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Targeting Growth in Health Care

Biotech companies addressing unmet medical needs with novel treatments can be a great source of growth in a slow-growth environment, says Evan Bauman of Legg Mason ClearBridge.

Shannon Zimmerman: For Morningstar, I'm Shannon Zimmerman. I'm here today with Evan Bauman of Legg Mason ClearBridge Aggressive Growth.

Evan, thank you very much for being with us today.

Evan Bauman: My pleasure, Shannon, good to be here.

Zimmerman: You manage Aggressive Growth with the veteran manager Richie Freeman, and the fund had a bit of rough patch between 2007 and 2009 but has lately returned to form in a big way. It's up about 30% over the last 12 months, which is near the top of the large-growth category, with a similar performance in terms of relative ranking so far year-to-date. Could you talk a little bit about what's behind the return to form?

Bauman: Sure. So, this is a portfolio that started in 1983, has a 27-plus-year track record, and Richie, my partner, has been at the helm of the fund for all 27-plus years. The last few years have been positive because some of the companies that we own have been doing very well, and that's the key. We're very long-term investors. We really try to buy and hold onto companies for many, many years. Some of our positions have been in the fund for more than 20 years, and it's really just a case of the companies executing and continuing to grow in the slow-growth environment, and the market starting to recognize that. In some other cases we've had some takeovers in the portfolio. So, while the market has recognized the value as well third parties have come along and recognized the value of some of our holdings, which results in a nice premium and a nice takeover premium in that case.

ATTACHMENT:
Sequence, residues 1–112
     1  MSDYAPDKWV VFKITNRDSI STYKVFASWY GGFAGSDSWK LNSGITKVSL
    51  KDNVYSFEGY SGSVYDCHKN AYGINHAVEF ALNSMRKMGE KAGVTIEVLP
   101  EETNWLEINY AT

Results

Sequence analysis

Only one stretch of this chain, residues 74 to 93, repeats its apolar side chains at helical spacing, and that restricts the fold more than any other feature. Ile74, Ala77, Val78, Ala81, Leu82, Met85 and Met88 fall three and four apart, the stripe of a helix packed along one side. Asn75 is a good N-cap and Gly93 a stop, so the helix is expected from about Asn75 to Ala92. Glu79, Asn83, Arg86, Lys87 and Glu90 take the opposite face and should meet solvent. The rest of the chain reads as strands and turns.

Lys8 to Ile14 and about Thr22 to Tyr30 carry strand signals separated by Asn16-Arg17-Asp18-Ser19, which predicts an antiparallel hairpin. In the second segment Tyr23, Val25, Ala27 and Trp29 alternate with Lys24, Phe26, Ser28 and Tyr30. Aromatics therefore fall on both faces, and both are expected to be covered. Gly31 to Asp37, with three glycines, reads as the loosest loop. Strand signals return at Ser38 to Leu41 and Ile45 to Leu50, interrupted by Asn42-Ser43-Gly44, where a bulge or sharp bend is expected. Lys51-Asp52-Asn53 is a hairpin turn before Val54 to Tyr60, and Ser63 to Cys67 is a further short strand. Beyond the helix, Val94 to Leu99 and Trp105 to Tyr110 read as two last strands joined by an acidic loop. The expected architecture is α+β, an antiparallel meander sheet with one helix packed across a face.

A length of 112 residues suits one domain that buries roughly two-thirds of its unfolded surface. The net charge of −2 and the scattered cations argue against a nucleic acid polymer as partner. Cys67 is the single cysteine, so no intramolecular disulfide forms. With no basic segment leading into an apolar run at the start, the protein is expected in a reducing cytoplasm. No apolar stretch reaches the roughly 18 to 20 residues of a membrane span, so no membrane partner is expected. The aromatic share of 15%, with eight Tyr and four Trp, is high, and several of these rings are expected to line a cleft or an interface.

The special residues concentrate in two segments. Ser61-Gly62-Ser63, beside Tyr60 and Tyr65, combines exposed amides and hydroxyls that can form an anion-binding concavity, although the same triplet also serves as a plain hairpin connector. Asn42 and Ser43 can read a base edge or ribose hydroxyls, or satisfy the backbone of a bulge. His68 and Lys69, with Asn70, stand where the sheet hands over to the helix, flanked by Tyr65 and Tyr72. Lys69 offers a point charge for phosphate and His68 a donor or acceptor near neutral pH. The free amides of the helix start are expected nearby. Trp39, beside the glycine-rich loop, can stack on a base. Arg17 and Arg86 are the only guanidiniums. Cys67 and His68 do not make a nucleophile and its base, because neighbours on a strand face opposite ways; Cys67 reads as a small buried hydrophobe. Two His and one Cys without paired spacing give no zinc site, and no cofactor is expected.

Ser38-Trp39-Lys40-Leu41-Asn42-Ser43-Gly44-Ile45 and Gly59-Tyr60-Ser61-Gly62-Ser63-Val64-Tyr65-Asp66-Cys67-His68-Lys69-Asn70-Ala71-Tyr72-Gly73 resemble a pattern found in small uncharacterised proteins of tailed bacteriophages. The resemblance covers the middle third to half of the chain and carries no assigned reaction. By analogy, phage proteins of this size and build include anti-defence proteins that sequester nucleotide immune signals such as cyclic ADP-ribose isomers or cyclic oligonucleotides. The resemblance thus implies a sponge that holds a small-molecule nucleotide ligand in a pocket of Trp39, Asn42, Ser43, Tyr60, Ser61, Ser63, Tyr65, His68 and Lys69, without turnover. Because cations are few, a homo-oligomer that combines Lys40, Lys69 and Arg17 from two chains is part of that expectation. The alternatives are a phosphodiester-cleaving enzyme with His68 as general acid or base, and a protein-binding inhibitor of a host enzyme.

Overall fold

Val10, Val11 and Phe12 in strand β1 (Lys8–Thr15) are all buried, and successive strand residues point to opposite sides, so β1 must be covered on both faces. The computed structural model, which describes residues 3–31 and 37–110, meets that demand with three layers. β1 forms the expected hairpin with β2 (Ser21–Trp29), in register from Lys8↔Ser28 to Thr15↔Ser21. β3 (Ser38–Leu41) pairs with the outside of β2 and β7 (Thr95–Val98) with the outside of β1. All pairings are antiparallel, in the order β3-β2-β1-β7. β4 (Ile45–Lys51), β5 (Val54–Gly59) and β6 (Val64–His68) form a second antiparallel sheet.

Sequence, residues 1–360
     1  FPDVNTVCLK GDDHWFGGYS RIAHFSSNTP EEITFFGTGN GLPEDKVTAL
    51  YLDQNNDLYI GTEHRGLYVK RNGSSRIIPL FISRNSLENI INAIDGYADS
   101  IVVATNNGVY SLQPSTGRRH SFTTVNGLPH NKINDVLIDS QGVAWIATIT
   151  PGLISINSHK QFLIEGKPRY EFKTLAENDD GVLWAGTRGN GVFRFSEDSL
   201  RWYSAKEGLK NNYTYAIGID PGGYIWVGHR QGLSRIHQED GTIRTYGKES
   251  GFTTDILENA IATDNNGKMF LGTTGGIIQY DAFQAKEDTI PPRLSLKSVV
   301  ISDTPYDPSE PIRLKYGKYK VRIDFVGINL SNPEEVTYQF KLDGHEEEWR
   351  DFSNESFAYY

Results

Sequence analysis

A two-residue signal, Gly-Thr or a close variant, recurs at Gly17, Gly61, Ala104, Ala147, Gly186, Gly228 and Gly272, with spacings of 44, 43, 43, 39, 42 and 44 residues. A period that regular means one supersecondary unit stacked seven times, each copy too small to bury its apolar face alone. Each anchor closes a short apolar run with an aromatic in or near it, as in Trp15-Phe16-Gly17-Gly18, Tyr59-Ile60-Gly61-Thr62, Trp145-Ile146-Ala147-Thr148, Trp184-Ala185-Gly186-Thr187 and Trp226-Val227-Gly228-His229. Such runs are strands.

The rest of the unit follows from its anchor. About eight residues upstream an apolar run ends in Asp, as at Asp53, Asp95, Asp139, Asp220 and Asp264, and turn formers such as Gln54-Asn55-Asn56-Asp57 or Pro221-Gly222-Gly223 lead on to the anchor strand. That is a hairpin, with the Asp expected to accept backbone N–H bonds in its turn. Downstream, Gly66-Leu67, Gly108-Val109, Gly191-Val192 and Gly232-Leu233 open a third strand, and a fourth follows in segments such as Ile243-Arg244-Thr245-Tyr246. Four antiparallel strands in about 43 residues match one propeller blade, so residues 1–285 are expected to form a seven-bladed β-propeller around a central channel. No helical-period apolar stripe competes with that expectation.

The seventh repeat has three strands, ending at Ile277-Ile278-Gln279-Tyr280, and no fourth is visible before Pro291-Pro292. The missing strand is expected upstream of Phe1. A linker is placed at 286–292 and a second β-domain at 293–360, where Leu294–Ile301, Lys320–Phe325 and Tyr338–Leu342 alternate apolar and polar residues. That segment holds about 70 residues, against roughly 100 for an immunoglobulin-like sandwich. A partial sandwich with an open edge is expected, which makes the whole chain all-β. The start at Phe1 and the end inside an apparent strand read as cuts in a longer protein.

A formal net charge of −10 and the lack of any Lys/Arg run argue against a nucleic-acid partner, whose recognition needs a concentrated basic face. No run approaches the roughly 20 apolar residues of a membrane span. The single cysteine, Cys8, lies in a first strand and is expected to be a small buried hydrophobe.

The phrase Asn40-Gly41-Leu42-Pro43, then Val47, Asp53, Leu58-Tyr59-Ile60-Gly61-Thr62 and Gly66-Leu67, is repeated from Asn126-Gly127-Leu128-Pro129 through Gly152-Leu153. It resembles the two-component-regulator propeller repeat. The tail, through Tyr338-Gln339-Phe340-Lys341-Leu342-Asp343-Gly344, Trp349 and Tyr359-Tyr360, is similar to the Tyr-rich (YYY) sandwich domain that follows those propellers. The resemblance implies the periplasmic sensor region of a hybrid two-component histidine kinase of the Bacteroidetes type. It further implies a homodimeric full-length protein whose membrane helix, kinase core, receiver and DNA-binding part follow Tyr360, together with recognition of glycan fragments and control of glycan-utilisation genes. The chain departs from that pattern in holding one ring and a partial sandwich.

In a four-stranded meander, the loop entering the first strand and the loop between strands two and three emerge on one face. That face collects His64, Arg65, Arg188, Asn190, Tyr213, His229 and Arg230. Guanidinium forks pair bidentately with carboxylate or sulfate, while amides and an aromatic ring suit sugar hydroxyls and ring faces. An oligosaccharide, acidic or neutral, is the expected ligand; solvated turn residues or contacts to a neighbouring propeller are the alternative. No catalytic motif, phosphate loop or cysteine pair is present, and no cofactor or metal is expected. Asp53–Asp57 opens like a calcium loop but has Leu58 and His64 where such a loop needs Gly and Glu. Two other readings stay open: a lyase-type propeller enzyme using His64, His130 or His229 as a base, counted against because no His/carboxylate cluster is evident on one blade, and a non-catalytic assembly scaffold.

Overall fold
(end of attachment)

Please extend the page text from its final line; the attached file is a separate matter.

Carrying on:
Zimmerman: Looking at the portfolio relative to the benchmark and to the peer group as we define it, it has a pretty significant overweight stake in health-care names. I know from earlier conversations that that's not by sector-level design. You guys are really bottom-up investors, yet it's a pretty sizable allocation. Can you talk a little bit about your approach to security selection and then maybe in the context of how you manage the risk that can come with large sector allocation?